He added: “There is a broader problem with an increase in the challenging behavior of some students since the Covid pandemic. It’s difficult to say categorically why this might be the case, but it appears to be related to the disruption to normal routines during the pandemic, increased levels of anxiety and depression among young people and their families, and the erosion of local support services for children and families in the last ten years.”

Bennett was dismissive. “There is no evidence it was inspired by lockdown or Covid restrictions. While many school children heard about it, a tiny, tiny number of schools saw disorder as a result. We don’t have much evidence that school behavior has gotten worse or better since Covid. There’s not a lot of data beyond anecdotes — despite confident claims going both ways.”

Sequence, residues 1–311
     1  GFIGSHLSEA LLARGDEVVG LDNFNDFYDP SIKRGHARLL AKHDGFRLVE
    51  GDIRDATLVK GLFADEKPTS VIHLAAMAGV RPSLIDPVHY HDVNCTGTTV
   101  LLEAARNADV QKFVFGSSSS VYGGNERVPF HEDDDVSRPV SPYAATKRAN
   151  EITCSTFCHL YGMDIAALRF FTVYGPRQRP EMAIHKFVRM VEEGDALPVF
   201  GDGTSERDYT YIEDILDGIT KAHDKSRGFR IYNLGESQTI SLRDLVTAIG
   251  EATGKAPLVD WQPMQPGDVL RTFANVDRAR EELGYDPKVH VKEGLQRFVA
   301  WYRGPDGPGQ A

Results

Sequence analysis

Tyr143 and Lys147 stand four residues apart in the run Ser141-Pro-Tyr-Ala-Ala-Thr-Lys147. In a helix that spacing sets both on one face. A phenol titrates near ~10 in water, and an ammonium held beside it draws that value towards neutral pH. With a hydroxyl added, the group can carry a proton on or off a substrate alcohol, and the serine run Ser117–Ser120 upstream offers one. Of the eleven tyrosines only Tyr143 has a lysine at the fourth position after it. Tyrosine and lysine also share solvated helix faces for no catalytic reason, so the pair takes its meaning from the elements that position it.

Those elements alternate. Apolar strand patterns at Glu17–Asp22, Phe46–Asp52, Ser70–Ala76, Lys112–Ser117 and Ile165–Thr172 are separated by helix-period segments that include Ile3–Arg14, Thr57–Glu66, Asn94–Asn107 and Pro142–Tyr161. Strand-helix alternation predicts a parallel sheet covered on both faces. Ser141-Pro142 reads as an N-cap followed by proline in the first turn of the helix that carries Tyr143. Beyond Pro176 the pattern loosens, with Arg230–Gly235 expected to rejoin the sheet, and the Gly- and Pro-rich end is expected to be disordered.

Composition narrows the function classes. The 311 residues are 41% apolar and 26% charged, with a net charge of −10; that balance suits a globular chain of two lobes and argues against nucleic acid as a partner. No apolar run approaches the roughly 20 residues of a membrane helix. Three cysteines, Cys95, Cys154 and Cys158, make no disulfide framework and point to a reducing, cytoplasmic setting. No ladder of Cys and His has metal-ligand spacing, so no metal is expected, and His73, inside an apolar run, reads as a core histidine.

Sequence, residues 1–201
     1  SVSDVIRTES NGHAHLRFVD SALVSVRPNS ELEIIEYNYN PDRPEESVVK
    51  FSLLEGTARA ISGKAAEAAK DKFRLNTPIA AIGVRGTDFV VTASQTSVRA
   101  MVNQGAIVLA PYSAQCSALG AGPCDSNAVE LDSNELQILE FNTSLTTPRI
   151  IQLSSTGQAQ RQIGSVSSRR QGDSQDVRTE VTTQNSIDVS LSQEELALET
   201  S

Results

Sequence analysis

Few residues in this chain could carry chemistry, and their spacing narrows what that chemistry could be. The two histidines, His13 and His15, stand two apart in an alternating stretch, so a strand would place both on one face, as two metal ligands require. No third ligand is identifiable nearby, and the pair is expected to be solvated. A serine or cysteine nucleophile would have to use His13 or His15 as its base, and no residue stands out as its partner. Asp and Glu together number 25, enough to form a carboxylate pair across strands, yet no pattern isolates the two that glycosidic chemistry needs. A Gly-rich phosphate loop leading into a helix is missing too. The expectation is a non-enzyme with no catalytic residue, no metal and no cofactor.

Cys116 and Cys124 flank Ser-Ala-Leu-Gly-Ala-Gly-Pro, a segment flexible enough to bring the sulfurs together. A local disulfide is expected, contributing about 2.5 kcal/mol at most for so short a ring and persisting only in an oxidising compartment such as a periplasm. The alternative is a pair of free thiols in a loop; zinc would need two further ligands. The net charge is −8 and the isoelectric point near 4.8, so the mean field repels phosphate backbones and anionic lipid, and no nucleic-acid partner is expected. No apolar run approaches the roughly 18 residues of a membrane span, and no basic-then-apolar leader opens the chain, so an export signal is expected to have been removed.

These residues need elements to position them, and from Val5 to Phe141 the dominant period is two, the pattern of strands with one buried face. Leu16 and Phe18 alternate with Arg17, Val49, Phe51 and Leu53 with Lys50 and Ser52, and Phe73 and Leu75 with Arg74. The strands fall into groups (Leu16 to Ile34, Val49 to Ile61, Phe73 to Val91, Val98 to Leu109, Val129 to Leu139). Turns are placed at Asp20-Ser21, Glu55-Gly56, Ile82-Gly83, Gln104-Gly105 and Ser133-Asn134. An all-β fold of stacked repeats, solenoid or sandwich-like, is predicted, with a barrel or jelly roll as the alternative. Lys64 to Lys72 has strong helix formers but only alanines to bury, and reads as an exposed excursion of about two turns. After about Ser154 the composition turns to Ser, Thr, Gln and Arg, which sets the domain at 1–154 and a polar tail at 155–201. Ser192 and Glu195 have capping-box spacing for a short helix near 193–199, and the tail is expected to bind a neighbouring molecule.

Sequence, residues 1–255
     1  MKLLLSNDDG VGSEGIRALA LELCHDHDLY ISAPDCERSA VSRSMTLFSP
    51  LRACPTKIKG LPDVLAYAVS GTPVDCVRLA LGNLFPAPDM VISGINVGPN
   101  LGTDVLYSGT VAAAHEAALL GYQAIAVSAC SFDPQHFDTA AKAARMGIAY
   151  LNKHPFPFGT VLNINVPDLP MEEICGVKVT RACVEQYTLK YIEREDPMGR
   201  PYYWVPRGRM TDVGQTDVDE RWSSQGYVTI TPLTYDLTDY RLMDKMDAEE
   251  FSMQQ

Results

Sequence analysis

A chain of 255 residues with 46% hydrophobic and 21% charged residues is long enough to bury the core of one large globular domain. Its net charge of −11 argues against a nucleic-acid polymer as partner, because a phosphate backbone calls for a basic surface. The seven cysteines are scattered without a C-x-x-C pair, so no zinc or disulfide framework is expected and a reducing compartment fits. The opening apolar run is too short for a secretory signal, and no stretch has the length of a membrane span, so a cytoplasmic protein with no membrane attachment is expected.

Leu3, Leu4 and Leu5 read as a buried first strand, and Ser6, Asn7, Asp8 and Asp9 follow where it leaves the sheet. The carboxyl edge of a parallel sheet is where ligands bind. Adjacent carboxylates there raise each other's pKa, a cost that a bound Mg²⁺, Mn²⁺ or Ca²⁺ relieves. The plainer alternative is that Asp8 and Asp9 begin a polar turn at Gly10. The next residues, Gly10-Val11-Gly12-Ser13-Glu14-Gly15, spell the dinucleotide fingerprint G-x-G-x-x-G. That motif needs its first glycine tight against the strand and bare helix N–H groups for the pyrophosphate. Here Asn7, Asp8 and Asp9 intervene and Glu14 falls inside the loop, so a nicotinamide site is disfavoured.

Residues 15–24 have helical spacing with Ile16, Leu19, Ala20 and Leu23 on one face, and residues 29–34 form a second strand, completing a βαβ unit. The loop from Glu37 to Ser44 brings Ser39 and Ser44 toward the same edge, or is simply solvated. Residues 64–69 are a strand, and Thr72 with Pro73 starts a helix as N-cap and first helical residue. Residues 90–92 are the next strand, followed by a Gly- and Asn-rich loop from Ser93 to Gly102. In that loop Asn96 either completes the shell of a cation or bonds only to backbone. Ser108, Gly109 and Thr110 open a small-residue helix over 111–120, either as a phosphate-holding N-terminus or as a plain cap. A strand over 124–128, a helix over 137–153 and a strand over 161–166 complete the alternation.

TikTok said its security teams are closely monitoring the content of the school protests to ensure they follow community guidelines. A spokesman said most of the content featured students participating in peaceful demonstrations, which is not against TikTok policies.

An Education Department spokesman said: “We are concerned by the reports of disruption and will be in touch with all schools and local authorities to ensure they are supported at this time.

“We will always support school leaders in taking the necessary actions to maintain a calm and supportive classroom environment, as they are best placed to work collaboratively with their teachers, parents, students and local communities in policy development and implementation .”